Nets-Knicks Power Rankings: The Ultimate Battle For New York

New York Knicks Brooklyn Nets


5. Metta World Peace.

Look, Metta World Peace probably shouldn’t be this high. If you’re going solely on merit, he absolutely shouldn’t be this high. He’s shot under 40% from the field in two of the last three seasons, and his defensive presence isn’t what it used to be. He won’t be a difference-maker in any arena except possibly throwing elbows and barbs.

But preseason is a time for talk and pomp and circumstance and irrelevance, and nobody does more irrelevant things than Metta World Peace. He openly admitted he had no idea who was on the Nets roster. He’s running into children on the sidelines and lying to them about his misdeeds. He wrote a children’s book AND a book on the infamous Malice at the Palace brawl. He’s doing a movie with Dustin Diamond, A.K.A. Screech in Saved By The Bell and the producer of his own porn movie. He forgot that the Raptors played in Toronto. He’s begun pretending he’s a reporter, asking teammates questions like “what’s your favorite toe”?

Sure, once the season starts and on-court production matters, Metta World Peace will quickly tumble down these ranks, as his status as a status symbol gets overshadowed by his status as a poor outside shooter. But as long as we’re doing pre-season rankings based on importance and prominence, Metta World Peace is running the game right now. -D.K.

Relevant Metta World Peace Video:

4. Billy King.

It was a rough start in 2010 as GM Billy King aimed to earn the love of Nets fans as the latest object of the Nets-Sixers Executive Exchange Program (otherwise featuring juggernauts Rod Thorn and Ed Stefanski). King was often erroneously “credited” with the nauseating signings of Jordan Farmar, Johan Petro, and Travis Outlaw that summer; in reality, those were “it’s the thought that counts” parting gifts from Thorn on his way out.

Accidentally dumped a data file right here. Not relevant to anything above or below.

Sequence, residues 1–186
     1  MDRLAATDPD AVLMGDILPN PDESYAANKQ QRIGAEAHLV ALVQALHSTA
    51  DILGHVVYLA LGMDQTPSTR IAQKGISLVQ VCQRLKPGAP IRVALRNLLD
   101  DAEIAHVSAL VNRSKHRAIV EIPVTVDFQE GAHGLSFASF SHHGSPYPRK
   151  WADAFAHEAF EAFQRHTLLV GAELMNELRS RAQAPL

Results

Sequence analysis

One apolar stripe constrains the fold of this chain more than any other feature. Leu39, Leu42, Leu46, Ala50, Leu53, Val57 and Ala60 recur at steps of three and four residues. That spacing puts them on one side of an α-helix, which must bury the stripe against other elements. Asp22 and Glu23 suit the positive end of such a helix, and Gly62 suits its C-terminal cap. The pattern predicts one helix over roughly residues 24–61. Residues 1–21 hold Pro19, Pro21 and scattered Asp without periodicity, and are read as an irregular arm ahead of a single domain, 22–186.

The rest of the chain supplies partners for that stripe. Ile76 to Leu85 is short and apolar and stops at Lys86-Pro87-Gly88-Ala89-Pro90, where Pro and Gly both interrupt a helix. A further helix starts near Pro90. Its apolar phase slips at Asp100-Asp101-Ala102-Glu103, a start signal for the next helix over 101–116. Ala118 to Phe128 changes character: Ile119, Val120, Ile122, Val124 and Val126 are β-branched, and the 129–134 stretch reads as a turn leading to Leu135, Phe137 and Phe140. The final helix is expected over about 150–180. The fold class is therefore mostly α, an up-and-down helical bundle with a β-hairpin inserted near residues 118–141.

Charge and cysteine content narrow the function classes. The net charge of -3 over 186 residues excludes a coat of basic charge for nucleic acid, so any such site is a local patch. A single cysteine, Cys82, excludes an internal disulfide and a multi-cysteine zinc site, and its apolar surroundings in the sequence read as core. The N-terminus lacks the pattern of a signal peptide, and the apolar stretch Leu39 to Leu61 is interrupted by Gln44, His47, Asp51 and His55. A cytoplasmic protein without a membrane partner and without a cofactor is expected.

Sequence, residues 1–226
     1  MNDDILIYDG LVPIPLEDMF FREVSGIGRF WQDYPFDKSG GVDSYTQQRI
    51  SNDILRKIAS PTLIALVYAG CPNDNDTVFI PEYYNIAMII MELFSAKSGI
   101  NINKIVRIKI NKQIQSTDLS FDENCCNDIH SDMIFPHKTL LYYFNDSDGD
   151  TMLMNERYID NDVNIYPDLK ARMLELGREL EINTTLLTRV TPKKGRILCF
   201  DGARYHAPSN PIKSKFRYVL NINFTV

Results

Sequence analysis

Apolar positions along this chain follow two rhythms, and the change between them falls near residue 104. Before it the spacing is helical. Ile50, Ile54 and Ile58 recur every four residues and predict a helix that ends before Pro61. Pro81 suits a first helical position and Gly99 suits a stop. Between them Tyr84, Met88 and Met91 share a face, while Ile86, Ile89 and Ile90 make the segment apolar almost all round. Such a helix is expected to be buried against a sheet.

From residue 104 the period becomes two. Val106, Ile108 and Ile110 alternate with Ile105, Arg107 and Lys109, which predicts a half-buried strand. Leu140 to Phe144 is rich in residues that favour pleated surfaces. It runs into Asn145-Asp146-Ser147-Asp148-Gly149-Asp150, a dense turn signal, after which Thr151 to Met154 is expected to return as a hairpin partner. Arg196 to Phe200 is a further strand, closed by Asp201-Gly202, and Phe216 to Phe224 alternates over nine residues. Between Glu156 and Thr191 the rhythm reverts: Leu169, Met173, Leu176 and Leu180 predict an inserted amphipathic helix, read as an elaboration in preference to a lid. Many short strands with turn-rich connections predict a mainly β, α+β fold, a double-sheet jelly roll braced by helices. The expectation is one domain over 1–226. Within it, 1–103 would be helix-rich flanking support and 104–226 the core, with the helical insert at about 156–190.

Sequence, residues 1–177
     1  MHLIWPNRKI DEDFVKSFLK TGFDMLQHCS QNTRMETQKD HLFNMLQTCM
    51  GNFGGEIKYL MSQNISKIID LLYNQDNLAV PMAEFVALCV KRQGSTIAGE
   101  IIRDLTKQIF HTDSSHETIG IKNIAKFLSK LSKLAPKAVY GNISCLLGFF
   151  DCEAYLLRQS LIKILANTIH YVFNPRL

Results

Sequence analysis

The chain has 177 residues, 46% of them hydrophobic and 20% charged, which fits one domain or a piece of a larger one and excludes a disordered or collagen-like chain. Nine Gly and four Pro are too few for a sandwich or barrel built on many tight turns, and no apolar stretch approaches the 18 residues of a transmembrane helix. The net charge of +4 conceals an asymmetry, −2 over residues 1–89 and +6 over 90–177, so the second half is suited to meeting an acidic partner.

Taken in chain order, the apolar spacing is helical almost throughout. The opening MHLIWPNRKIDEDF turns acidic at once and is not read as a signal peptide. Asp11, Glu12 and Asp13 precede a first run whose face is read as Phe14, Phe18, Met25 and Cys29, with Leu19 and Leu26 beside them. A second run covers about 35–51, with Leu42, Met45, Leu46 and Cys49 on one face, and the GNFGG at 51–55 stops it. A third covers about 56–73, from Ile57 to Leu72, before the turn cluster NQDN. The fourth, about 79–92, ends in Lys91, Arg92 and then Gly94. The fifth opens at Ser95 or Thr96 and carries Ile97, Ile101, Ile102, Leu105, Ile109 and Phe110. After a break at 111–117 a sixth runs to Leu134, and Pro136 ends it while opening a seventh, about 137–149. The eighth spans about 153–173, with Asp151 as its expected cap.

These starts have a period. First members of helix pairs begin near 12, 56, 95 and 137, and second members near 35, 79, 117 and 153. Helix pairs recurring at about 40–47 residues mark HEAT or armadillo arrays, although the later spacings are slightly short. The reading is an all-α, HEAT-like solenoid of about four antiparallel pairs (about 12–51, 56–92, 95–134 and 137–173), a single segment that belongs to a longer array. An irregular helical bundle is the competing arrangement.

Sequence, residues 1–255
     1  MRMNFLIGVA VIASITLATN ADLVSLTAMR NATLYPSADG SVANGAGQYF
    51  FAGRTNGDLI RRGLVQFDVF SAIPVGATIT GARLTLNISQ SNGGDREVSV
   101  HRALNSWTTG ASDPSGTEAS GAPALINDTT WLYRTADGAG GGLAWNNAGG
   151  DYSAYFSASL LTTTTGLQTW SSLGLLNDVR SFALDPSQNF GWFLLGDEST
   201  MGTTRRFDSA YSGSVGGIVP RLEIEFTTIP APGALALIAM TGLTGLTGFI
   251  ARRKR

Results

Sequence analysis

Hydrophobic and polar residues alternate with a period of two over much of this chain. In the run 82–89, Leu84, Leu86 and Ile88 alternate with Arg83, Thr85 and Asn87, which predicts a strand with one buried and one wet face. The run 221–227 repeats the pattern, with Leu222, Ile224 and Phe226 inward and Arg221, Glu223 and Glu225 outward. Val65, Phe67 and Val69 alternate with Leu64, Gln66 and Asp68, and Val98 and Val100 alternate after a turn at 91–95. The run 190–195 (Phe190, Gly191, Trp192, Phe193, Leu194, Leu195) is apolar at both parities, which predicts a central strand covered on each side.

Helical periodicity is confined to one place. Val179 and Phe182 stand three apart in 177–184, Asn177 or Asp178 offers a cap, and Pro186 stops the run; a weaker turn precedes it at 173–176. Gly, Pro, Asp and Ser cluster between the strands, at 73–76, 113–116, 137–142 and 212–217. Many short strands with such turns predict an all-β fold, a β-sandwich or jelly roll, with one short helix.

Since then, though, it’s hard to argue with anything he’s done. I’ll be the first to admit that the dismissal of Avery Johnson could have been handled better, but his body of work is pretty impressive.

He traded for Deron Williams, Joe Johnson, Paul Pierce, Kevin Garnett, and Jason Terry. He awarded the suddenly booming Brook Lopez the mini-max in a widely second-guessed decision. He re-signed Williams for the long term. He gave Andray Blatche a chance. He signed Andrei Kirilenko for pennies on the dollar. He fixed the Gerald Wallace error and got real value out of Kris Humphries’s expiring contract.

He has found a way despite being tightly handcuffed by salary-cap circumstances to improve his team, and that’s really all you can ask for out of a GM. A guy that was once a laughingstock is now one of the league’s best executives over the last two years. -D.S.

Relevant Billy King Calvin & Hobbes Comic Strip:
Billy King Calvin Hobbes

3. Carmelo Anthony.